The issue of target set complexity can be addressed by using current collection techniques more effectively, Kerr notes. However, the directorate also is working to discover if other signatures, signals and areas of the spectrum can be exploited for vital information. This is where systems integration, especially the skills developed in industry over the past 20 years, can play a significant role.
The third challenge of the post-September-11 era is the ability to deal with discontinuities. These range from the collapse of the Soviet Union and end of the Warsaw Pact threat to the way enemies wage war.
One ongoing discontinuity is that organizations or individuals are changing their methods of operation to deter detection by intelligence assets. This problem is increasing as adversaries shift their communications from radio frequency transmissions to other means such as optical fiber.
Keeping up with discontinuities will require keeping abreast of technology advances taking place in industry and academia, Kerr allows. As new means of communication and modulation schemes are introduced, the intelligence community must be prepared to respond with its own technologies to enable continued surveillance.
With the intelligence community remaining a relatively small market in economic terms, it must take advantage of advances developed by industry, academia and other government organizations. The community always will be interested in outside developments in digital signal processing, Kerr states. The communications and information systems world has been transformed from analog to digital, and the intelligence community must be able both to use these digital data streams for its own purposes and to interact with them for information collection and processing.
Another area in which the community will rely heavily on private industry is secure communications. Kerr explains that the directorate will seek commercial developments that, with a modest amount of change, can be adapted for intelligence applications. This avoids the need for sizable investments in new technologies, he notes.
Software-defined radio is one technology that Kerr describes as “the most exciting in the longer term.” Special performance or unique encryption needs could be met through software modification instead of by adding modules or replacing hardware.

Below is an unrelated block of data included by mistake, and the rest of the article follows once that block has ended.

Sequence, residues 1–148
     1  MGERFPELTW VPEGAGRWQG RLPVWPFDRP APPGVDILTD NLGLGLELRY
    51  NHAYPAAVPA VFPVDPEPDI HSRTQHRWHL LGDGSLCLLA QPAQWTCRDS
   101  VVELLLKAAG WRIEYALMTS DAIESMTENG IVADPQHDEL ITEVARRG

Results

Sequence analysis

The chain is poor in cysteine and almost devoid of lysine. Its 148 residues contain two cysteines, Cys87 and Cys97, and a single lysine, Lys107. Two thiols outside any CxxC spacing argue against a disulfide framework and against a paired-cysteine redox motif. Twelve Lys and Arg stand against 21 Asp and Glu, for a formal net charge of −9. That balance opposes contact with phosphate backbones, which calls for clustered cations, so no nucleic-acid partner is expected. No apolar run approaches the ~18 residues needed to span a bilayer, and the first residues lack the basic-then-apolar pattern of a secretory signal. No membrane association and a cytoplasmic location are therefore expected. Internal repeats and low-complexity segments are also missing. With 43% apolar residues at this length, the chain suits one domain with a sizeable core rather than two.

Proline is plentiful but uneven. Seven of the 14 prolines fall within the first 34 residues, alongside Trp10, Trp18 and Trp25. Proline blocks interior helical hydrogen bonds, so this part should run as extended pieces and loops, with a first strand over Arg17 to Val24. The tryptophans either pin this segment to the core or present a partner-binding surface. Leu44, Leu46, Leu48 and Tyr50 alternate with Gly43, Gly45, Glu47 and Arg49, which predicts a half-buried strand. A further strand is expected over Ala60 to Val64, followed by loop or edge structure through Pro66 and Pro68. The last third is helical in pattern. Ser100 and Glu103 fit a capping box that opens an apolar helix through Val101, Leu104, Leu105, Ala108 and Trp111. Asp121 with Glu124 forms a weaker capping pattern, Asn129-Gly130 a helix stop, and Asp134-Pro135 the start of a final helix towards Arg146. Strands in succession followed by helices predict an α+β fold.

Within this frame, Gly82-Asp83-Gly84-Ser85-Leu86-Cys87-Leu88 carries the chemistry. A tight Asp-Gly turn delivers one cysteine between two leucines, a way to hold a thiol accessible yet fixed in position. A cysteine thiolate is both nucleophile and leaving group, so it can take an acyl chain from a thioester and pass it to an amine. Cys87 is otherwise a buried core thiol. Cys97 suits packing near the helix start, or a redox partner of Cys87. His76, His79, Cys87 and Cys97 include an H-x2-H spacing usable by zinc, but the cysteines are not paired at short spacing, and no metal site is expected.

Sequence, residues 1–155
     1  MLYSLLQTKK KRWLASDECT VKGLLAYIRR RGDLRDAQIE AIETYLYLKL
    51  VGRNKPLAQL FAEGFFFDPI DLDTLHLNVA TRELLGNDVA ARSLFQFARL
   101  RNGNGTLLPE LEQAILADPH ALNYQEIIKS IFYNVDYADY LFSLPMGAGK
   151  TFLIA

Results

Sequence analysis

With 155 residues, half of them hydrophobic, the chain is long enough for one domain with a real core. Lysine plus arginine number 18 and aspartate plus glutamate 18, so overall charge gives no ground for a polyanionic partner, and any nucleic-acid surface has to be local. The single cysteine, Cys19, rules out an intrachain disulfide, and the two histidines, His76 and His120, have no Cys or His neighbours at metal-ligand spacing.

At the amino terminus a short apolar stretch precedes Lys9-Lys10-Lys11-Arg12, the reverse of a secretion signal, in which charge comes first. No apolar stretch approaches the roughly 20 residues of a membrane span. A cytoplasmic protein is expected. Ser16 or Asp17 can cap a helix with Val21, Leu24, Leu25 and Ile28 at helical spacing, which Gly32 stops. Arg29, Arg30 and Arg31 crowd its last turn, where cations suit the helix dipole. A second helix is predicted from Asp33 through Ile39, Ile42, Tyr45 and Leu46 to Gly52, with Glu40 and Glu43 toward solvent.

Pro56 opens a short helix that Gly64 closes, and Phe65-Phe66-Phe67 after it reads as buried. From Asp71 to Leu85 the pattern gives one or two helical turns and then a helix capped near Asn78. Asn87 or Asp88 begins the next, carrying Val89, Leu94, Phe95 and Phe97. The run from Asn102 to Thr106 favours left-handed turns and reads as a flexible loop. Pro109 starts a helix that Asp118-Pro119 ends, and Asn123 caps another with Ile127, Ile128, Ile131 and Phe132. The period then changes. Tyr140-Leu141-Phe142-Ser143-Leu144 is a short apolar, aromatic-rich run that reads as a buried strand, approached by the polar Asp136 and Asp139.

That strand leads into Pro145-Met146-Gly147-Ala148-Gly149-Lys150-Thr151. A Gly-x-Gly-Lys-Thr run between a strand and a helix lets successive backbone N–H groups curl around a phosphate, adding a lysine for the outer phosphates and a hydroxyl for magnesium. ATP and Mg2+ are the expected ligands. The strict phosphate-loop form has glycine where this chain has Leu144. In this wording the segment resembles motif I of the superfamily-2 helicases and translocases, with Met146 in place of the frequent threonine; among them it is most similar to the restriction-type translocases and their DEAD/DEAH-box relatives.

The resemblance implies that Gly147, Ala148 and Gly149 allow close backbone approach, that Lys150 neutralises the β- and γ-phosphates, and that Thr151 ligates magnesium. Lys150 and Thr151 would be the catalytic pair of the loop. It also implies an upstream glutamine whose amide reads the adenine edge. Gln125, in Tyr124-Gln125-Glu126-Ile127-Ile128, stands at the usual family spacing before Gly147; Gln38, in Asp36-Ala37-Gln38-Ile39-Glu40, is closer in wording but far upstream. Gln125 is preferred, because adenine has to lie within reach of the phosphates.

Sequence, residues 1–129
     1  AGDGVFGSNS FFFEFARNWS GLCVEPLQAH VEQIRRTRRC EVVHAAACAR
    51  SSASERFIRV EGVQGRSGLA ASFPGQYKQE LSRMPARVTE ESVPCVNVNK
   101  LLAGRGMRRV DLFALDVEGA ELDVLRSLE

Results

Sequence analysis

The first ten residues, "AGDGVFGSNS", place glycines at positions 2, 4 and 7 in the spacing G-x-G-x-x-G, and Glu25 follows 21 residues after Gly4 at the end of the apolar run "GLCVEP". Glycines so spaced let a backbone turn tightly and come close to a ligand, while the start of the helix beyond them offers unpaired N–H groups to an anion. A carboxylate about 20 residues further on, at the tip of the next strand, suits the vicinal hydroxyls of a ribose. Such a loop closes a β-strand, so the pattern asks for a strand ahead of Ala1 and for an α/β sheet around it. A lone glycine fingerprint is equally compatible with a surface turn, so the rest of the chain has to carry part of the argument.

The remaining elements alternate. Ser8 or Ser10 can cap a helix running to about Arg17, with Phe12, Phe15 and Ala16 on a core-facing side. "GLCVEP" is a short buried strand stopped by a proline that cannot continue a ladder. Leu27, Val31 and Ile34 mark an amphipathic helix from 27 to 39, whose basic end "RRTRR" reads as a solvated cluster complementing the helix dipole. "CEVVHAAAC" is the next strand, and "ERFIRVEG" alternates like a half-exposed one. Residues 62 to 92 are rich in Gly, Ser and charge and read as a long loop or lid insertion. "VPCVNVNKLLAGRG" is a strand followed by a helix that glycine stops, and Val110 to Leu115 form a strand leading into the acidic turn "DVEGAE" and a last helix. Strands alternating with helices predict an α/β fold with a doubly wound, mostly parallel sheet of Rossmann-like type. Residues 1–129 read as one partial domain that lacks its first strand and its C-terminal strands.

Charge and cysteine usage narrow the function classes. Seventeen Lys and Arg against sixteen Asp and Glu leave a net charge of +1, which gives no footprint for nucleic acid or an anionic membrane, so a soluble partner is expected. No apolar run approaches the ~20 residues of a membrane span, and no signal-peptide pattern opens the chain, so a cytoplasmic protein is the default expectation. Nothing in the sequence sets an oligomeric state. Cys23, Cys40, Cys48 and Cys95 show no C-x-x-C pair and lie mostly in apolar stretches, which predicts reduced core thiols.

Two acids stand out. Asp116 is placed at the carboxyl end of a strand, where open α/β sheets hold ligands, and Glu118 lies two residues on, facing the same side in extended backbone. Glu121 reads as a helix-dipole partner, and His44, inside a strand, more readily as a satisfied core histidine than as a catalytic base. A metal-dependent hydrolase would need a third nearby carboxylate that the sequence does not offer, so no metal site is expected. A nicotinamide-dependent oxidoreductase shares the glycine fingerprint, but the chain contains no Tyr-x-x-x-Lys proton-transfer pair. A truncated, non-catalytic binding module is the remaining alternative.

The directorate constantly keeps tabs on new areas of science or engineering for potential intelligence applications. Biotechnology, for example, is expanding into a wide range of commercial applications. The intelligence community is considering how biotechnology can play a role in its operations. It also is examining how the evolving technology can be turned into a threat against U.S. interests. A biotechnology center within the directorate keeps an eye on developments in industry and academia.
A related area of interest is biometrics. While public perception tends to concentrate on fingerprint identification and facial recognition, Kerr notes that this technology actually encompasses virtually any means of distinguishing one person from another.
Kerr states that the directorate will continue to focus its research and development on intelligence-unique technologies. These may range from national collection systems to relatively mundane items such as power sources, which are important in particular because they often are the key enablers for certain types of sensors, Kerr relates.
Low-power electronics may hold the key to future technology-based intelligence supremacy. Low-power units that also are small offer much greater flexibility in application, can be concealed more easily and consume less power. These types of circuitry also can enable smarter front-end sensors, which in turn can reduce bandwidth requirements.
A common misconception is that a sensor is designed to detect a final product—a chemical weapon, a biological agent or some other finished item. Kerr explains that the intelligence community needs sensors for every available signature ranging from a decision made by a national leader to the execution of that decision, possibly ending with production and delivery of a weapon.
The directorate is looking for systems that provide “the subtle indications” that relate to certain types of activities otherwise passing unnoticed. These activities might not take place in easily identifiable buildings or with readily noticed equipment, for example. Neither would communications or motorized traffic betray the activities.